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Oracle executives on Thursday claimed vindication for their company’s aggressive spate of acquisitions as the US software maker reported a 25 per cent increase in revenues in the final three months of its latest fiscal year.

The jump in revenues was partly the result of acquisitions but also reflected both strong performance by Oracle and a more robust market for corporate software sales, according to analysts. “Oracle is executing better than it has for some years, but more than anything else we are in a hot IT market,” said Jim Shepherd, an analyst at AMR Research.

“We’re gaining share in all our product lines,” said Larry Ellison, chief executive, pointing to what he called “extraordinary growth in the fourth quarter” that had seen Oracle add nearly $1bn in revenues, to $4.9bn.

Safra Catz, president and chief financial officer, said the growth had come on the back of broad demand from big customers in all markets around the world.

“We can’t split out if it’s the IT spending environment entirely. It doesn’t seem it is,” she said.

Referring to the fiscal period that ended in May “a very critical year for Oracle to show our strategy is taking hold,” Ms Catz added that the latest results demonstrated it was starting to have an impact.

While sales in the company’s core database and middleware business grew by 18 per cent from a year before, sales of applications software climbed by 83 per cent, to $641m. Leaving aside the impact of acquisitions such as Siebel Systems, applications revenue grew by 56 per cent, Oracle added.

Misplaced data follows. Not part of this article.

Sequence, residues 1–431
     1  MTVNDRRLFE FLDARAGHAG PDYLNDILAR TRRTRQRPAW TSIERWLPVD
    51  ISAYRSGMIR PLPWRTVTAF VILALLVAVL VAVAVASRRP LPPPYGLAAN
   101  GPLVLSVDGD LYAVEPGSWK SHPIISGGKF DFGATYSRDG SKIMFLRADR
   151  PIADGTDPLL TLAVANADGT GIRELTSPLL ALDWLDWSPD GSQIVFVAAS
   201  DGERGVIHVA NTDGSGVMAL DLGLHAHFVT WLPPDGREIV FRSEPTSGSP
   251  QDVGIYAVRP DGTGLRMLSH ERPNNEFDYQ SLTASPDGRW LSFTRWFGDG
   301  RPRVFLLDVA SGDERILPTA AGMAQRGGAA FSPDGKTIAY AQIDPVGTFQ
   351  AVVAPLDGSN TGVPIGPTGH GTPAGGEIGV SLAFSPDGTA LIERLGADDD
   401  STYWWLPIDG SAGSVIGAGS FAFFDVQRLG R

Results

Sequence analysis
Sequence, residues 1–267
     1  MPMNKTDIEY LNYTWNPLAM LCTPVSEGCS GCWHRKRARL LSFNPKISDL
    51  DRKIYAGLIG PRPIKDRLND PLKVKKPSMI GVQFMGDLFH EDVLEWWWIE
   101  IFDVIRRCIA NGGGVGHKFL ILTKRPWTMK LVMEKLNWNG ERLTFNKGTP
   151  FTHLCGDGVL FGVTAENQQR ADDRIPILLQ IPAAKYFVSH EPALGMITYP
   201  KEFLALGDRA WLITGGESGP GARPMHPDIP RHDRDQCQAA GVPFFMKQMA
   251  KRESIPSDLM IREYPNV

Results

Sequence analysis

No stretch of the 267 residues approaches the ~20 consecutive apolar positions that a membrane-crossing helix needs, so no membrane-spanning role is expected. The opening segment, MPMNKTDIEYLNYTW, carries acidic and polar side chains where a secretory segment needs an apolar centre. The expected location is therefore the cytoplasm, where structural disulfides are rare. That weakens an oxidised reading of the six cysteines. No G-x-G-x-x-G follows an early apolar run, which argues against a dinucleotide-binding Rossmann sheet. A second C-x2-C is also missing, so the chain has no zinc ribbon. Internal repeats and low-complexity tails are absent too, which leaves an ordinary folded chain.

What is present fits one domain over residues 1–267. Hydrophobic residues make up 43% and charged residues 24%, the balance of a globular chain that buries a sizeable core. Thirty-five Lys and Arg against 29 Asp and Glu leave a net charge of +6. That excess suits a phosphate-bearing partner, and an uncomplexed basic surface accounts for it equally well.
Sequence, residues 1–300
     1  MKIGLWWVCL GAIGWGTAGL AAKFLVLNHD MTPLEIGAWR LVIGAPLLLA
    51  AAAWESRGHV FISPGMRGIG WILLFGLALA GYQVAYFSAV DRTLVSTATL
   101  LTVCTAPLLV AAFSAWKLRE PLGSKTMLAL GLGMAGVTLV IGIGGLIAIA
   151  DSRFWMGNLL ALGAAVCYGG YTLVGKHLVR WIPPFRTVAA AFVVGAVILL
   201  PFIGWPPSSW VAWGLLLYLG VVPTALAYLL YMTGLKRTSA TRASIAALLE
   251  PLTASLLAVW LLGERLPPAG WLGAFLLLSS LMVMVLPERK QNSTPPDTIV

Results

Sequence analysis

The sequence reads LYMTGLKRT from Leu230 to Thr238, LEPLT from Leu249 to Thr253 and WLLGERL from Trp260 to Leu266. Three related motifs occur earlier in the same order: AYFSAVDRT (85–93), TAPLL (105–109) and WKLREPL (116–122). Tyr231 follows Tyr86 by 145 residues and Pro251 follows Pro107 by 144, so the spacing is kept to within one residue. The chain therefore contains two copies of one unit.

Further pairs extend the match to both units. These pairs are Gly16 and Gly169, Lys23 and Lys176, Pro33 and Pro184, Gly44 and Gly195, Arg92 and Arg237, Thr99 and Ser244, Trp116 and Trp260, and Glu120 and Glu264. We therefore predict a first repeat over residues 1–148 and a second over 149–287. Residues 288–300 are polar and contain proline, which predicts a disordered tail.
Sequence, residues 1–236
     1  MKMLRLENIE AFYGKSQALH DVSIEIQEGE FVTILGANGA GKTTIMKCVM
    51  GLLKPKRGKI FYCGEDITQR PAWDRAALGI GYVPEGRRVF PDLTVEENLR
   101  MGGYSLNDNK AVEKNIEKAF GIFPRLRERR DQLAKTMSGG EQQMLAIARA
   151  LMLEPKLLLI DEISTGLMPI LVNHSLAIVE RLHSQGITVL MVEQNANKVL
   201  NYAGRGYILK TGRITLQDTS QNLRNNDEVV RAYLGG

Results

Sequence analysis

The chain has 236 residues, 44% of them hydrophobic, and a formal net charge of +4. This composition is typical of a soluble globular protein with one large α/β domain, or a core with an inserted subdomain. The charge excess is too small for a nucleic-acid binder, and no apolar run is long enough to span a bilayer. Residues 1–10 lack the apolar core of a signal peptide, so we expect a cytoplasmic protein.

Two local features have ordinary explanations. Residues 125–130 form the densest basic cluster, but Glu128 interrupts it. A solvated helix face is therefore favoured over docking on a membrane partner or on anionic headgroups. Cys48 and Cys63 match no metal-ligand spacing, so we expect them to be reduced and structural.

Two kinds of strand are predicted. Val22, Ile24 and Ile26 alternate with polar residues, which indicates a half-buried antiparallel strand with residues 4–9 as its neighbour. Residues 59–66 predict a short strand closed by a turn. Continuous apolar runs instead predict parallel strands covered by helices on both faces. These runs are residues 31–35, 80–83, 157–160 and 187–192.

The company’s disclosure last week that its earnings would top forecasts had already led to a 10 per cent bounce in its stock price, though the shares have moved only marginally higher since Oracle embarked on its acquisitions spree three years ago. “I actually do think it’s getting noticed,” Ms Catz said of the company’s improving corporate performance.

Oracle said its net income had risen 27 per cent to $1.3bn, or 24 cents a share. On the pro forma basis on which most analysts judge its performance, net income rose 13 per cent while earnings per share climbed 11 per cent to 29 cents, one cent ahead of estimates despite a higher tax rate.

Copyright The Financial Times Limited 2017. All rights reserved.
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